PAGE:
Helping people feel better, achieve more and lead happier lives
The Heart of Holistic Healthcare
Are you a human being or just a human doing?

    Acupuncture for Urinary Incontinence

    Urinary incontinence, the involuntary passing of urine, is quite a common problem; it is estimated that four adults in every 100 suffer from it to some degree; it can occur at any age, but is often associated with ageing. It is often a particularly distressing and embarrassing problem.  For some people it means a small dribble of urine escapes them now and again; for others it can be a large flood. Western medicine differentiates two main types of incontinence:

    Stress incontinence occurs when the outlet of the bladder allows urine to leak out, often when we laugh or cough, or during exercise. This usually occurs because the pelvic floor muscles, which help keep the outlet closed, are weakened, something which can happen with age, due to being overweight, or in women as a result of childbirth.

    Urge incontinence is when the bladder contract prematurely, producing a sudden urge to pass urine. In most cases it is not known why this happens.

    Conventional treatment may include exercises to strengthen the pelvic floor, bladder training, lifestyle changes such as changing the amount of fluid drunk, or weight loss, and pharmaceutical drugs.

    Urinary Incontinence and TCM

    One of the functions of Qi is to hold, contain  and raise, so that incontinence usually points towards a deficiency of Qi. This is why incontinence can often appear in old age, as the Qi naturally begins to decline as we get older, so that a pre-existing weakness is exacerbated. Similarly the draining effect of a number of childbirths may cause a temporary deficiency in the Qi which may manifest as incontinence.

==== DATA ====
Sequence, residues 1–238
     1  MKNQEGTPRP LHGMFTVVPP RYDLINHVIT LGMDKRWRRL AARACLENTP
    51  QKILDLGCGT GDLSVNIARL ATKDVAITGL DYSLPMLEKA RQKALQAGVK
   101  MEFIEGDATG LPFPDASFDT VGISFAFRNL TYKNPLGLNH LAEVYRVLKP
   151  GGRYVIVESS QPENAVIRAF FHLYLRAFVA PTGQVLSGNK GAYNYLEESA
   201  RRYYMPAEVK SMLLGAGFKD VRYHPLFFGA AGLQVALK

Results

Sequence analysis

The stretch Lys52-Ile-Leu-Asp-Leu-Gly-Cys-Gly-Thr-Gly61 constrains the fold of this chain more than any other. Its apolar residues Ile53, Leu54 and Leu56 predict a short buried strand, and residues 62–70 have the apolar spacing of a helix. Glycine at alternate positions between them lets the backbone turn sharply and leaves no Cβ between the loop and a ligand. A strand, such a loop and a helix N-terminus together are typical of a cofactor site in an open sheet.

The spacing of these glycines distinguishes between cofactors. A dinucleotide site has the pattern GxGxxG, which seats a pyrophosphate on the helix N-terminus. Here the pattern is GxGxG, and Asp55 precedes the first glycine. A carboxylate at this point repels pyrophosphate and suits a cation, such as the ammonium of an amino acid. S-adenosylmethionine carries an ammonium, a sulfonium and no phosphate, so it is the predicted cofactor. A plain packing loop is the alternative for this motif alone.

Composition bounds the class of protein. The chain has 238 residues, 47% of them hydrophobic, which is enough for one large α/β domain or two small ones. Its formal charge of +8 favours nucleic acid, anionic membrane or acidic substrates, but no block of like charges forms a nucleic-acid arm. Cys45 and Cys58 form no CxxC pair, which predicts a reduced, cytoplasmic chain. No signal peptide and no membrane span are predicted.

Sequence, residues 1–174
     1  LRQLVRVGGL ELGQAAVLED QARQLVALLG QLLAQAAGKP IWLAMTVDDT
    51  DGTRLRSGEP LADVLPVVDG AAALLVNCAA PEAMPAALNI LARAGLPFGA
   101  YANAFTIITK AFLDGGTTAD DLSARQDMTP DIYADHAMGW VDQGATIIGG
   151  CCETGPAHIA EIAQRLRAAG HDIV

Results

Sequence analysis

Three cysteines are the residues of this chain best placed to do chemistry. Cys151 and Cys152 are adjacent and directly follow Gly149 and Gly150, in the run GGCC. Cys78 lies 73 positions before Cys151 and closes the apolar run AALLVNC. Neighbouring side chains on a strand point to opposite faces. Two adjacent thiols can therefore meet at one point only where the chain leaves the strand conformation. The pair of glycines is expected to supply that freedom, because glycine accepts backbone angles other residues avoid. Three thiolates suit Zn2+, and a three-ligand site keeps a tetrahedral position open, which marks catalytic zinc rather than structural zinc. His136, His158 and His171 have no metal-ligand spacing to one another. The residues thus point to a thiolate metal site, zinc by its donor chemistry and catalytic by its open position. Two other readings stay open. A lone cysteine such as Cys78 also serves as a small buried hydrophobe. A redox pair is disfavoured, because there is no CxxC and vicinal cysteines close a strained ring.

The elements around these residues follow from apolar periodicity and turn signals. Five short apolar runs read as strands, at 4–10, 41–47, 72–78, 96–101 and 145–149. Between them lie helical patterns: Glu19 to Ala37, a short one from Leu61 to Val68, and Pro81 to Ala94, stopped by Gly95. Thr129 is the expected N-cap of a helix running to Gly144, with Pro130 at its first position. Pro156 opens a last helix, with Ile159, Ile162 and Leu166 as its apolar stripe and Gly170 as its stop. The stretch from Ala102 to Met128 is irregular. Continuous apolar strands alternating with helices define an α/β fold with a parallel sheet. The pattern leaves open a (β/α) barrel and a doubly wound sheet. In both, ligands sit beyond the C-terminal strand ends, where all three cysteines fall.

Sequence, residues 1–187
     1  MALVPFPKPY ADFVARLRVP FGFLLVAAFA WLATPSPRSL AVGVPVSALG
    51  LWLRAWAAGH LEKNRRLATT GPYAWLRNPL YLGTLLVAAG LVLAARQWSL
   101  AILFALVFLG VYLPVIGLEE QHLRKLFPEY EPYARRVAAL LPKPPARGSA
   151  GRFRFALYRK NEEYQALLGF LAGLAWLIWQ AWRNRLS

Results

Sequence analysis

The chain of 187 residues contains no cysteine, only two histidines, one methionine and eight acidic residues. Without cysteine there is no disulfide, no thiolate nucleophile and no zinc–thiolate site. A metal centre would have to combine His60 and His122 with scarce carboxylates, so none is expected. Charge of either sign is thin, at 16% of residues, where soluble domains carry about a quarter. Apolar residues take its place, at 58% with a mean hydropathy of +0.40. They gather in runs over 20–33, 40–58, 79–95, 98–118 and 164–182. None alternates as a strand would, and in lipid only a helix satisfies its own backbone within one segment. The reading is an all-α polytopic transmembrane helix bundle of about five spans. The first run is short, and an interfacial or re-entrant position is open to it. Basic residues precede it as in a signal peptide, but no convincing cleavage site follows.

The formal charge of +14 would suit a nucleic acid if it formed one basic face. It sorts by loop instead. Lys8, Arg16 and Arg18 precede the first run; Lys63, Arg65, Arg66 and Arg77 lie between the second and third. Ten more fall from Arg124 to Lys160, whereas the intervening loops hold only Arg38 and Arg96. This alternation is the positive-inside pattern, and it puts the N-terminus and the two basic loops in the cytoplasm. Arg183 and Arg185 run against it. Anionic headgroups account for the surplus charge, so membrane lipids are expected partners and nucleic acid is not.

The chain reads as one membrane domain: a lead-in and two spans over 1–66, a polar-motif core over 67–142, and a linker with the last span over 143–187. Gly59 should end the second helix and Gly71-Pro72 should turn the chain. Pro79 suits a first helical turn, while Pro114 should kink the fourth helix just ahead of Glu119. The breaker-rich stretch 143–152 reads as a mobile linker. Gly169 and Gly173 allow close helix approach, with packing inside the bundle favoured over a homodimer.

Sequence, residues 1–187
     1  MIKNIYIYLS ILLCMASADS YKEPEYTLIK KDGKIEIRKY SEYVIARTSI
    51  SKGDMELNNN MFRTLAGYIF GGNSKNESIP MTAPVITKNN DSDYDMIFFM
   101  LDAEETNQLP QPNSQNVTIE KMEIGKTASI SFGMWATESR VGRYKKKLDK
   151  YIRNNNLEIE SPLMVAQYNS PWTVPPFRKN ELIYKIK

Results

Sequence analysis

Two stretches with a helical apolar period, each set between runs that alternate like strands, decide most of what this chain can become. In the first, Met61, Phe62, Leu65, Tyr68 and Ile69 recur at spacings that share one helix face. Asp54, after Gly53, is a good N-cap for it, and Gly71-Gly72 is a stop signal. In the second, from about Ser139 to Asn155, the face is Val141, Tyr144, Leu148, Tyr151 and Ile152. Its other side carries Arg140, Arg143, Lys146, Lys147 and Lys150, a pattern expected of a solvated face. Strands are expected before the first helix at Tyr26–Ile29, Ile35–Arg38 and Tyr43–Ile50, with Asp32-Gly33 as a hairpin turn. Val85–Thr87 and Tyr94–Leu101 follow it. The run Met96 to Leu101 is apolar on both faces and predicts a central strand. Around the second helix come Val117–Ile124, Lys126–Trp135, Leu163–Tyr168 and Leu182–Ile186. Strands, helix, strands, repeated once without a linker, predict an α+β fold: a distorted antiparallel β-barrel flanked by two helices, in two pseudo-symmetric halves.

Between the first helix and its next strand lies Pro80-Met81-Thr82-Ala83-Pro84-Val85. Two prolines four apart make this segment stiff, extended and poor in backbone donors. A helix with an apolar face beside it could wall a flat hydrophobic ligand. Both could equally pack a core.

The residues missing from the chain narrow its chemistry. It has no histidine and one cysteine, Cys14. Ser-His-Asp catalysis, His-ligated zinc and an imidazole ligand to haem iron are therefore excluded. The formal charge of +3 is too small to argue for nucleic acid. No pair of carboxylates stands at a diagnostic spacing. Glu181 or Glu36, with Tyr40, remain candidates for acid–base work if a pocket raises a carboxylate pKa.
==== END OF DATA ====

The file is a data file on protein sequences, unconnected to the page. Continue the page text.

TCM treatment begins by first understanding why there is Qi deficiency and how this manifests in the individual. The holistic understanding TCM has of the human being means that this deficiency in the ability of the Qi to hold the urine in may be seen to relate to a weakness of the digestive system, the lungs, or of the kidneys. For instance, someone who has urinary incontinence but also suffers from shortness of breath, coughing or wheezing, or perhaps has just a noticeably quiet voice and a pale face, is manifesting symptoms of a deficiency of the lung Qi. Acupuncture treatment to reinforce the Qi of the bladder and of the lungs, perhaps supported by Chi Kung exercises for the lungs, will strengthen the Qi and help resolve the incontinence.

    Each patient is unique, so TCM treatment is always personalised to the individual. Our thorough initial consultation enables us to understand clearly why there is incontinence and how best to resolve it.

    Is acupuncture helpful for urinary incontinence?

    A randomised controlled trial1 of the use of acupuncture to treat urge incontinence and overactive bladder found significant improvements in bladder capacity, urgency, frequency of urination and quality of life. Two to four weeks after only a short course of four acupuncture treatments, the number of incontinent episodes was reduced by 59%.

    Ask a Question!

     Book Now Get 20% off

    Want a Call Back?

    Cartoon man thinking_124011526 BookNow_105537884 Cartoon man holding phone_105756878

    References:

    1. Emmons SL & Otto L (2005) Acupuncture for Overactive Bladder: A Randomized Controlled Trial Obstet Gynecol 106: 138-143

     

    Disclaimer
    The Sean Barkes Clinic does not claim to cure any conventional medical disease states.  Traditional Chinese Medicine seeks to re-establish and maintain the harmonious function of the human body-mind using tried and tested principles that have been discovered and matured over millennia.  A Western medical diagnosis provides very little by way of insight in informing a Chinese Medical diagnosis.  Patients usually recognise their own condition in terms of the medical disease category that they have been given by their GP or other conventional medical practitioner.  The research presented here is merely an indication of the potential to draw parallels between Traditional Chinese Medicine and Modern Western Medicine.

    If you liked this page, please share it with friends and colleagues:

    Cookie Policy

    By Using this site you agree to our Cookie Policy!
    I Accept